“This is so normal,” the Canadian painter remarked. He had been in residence at the artists’ colony for over six months, paying his way by tending the vegetable and flower gardens behind the main structure. “Every group on their first night here scares themselves half to death. The fact of the matter is this: the Gray Lady isn’t a spirit to be feared. She’s lonely; that’s all. I pity her.”
“The Gray Lady.” I had heard of her on my first trip to the Tyrone Guthrie Centre in 1986. Our group that time had also sat around the table, sharing encounters with the other world. It was a comfort knowing that in the years between my visits to Annaghmakerrig little had changed.
That first trip, I had been escorted to my quarters upon arrival by Bernard Laughlin, co-administrator of the facility with his wife Mary. Bernard told me that my quarters had been Sir Tyrone Guthrie’s private study and sleeping area, the room and bed where the great stage director had passed over the River Styx. “Don’t worry,” Bernard had assured me, “Sir Tyrone’s spirit makes only occasional calls. I fear that he and the Gray Lady don’t get along. But if he should visit during your stay, you’ll surely know it. Sir Tyrone was quite large upon his demise, and he requires the whole of the bed.”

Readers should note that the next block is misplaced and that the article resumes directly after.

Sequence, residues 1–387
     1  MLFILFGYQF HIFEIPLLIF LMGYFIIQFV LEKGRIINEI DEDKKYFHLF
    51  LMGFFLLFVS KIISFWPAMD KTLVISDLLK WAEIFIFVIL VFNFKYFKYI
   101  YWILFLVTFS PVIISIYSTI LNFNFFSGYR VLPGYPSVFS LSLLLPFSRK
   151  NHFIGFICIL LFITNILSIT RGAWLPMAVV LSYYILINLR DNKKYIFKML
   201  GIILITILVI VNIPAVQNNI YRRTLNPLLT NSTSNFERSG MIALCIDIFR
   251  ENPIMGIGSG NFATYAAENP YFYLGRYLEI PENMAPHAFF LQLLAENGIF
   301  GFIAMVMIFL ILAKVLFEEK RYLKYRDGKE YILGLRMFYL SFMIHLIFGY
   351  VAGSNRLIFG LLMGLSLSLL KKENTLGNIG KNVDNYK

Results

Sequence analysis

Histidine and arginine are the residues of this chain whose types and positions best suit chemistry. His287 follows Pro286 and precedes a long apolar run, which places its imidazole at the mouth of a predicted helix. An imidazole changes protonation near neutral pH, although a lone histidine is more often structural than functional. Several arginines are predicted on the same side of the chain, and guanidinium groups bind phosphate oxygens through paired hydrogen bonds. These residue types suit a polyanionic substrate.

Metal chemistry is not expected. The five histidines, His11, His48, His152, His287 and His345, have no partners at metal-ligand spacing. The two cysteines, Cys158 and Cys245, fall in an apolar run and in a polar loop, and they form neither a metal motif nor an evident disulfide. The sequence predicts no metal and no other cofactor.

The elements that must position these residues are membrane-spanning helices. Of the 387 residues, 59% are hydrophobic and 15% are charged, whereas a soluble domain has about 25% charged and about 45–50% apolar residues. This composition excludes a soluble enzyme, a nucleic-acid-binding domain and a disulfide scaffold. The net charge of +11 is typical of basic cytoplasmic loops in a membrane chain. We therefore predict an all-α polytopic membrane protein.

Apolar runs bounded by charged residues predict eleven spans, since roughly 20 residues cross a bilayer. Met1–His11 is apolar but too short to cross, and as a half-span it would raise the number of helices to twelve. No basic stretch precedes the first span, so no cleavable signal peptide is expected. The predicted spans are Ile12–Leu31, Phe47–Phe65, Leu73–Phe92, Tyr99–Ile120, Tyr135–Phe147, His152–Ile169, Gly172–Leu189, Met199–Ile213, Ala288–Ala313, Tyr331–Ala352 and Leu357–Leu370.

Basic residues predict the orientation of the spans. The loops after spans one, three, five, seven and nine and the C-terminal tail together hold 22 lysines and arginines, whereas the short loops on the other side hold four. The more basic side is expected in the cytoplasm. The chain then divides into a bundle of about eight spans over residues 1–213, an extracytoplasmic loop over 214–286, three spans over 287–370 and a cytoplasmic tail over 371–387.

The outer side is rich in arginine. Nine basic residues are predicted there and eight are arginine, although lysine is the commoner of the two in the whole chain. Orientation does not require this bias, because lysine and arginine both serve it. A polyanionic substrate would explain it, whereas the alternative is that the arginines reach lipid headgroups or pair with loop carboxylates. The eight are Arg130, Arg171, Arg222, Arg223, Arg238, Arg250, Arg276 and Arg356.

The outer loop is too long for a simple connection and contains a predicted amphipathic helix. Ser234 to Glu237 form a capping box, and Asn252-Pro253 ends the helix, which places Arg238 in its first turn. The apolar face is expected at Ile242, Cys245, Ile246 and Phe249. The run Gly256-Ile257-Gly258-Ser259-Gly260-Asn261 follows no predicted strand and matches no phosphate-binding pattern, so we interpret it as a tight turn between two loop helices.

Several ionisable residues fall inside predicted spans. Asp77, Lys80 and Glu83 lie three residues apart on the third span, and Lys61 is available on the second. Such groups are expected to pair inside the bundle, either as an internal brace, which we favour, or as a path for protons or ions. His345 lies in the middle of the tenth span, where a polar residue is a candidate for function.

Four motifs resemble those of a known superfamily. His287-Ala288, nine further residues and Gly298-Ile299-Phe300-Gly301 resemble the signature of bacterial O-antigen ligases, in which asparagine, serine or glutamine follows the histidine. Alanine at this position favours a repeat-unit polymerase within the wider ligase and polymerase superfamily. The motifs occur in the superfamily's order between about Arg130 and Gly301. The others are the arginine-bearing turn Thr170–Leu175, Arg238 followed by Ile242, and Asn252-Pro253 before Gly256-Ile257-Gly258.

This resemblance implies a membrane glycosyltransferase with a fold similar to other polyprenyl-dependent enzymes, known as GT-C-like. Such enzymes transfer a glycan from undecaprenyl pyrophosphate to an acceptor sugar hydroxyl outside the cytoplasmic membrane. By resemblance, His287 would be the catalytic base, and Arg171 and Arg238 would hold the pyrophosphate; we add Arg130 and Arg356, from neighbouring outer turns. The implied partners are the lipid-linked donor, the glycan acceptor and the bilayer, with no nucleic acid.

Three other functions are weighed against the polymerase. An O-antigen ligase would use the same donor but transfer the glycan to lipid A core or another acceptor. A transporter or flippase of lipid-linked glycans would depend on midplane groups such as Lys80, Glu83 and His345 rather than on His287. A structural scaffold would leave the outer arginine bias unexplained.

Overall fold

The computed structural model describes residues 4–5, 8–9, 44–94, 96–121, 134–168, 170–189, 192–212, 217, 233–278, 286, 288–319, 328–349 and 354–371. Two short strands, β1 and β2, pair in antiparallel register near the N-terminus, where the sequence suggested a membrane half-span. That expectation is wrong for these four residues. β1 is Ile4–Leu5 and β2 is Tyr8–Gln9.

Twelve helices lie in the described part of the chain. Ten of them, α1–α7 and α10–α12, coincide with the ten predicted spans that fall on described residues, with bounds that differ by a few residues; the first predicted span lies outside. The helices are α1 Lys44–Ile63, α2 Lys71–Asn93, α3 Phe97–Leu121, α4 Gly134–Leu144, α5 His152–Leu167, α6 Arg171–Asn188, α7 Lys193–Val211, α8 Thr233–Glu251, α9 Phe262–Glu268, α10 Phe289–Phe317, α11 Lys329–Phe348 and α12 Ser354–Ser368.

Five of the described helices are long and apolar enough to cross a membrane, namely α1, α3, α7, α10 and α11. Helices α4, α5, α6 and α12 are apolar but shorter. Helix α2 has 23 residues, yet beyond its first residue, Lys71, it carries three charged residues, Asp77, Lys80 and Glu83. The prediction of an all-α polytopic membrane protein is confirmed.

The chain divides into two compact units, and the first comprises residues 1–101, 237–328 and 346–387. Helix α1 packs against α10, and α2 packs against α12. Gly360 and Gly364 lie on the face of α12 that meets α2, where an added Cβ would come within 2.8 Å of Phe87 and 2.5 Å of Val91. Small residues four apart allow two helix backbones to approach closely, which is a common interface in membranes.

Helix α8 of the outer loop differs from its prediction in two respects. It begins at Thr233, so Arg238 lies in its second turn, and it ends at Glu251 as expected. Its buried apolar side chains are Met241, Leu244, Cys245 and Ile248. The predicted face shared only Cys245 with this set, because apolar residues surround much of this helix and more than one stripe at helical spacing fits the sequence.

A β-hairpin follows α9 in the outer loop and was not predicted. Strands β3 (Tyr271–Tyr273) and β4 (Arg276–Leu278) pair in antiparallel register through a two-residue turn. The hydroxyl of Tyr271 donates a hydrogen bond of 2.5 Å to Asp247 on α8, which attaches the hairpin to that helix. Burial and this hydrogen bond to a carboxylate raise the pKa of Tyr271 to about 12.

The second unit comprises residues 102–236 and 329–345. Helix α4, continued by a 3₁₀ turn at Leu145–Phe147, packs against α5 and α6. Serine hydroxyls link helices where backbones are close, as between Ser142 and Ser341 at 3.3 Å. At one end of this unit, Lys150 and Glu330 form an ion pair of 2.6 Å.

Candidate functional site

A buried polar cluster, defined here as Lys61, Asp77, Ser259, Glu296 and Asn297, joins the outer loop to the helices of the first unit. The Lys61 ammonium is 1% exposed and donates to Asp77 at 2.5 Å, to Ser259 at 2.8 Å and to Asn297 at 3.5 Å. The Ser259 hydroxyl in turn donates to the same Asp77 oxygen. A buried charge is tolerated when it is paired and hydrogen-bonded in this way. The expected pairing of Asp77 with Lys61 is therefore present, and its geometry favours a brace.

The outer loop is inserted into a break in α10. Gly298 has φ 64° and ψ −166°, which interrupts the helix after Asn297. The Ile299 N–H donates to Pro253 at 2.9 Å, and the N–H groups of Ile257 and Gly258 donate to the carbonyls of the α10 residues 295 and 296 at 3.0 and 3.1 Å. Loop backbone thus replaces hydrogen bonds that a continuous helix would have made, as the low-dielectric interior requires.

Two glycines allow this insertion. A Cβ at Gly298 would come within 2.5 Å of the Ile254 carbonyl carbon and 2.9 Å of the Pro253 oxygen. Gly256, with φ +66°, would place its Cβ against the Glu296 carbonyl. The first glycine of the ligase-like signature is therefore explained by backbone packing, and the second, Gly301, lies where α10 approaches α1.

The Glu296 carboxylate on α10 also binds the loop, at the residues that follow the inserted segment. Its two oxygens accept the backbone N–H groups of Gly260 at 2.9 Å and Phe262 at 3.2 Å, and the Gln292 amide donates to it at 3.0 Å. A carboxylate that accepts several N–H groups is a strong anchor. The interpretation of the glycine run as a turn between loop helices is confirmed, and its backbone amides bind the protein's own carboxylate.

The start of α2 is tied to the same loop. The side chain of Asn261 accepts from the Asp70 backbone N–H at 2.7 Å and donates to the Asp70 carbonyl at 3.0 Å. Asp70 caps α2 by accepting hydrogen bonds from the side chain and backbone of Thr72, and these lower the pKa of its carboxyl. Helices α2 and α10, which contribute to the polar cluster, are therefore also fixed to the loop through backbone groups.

I think Bernard was joking; I can’t be sure.
Talk of the Gray Lady that first trip had more or less been the same as my second. Her presence was felt even when she wasn’t around. Lar Redmond, an Irish novelist, storyteller and radio personality from Dublin, would sleep with his bedside lamp on. It was his way of keeping the Gray Lady from paying him a visit.
That first visit, I had walked the halls of the facility, studying the pictures that hung on the walls in an effort to discover some manifestation of the Gray Lady’s essence. There was none. Perhaps it had been Lar’s light that had kept her from making an appearance during my initial stay.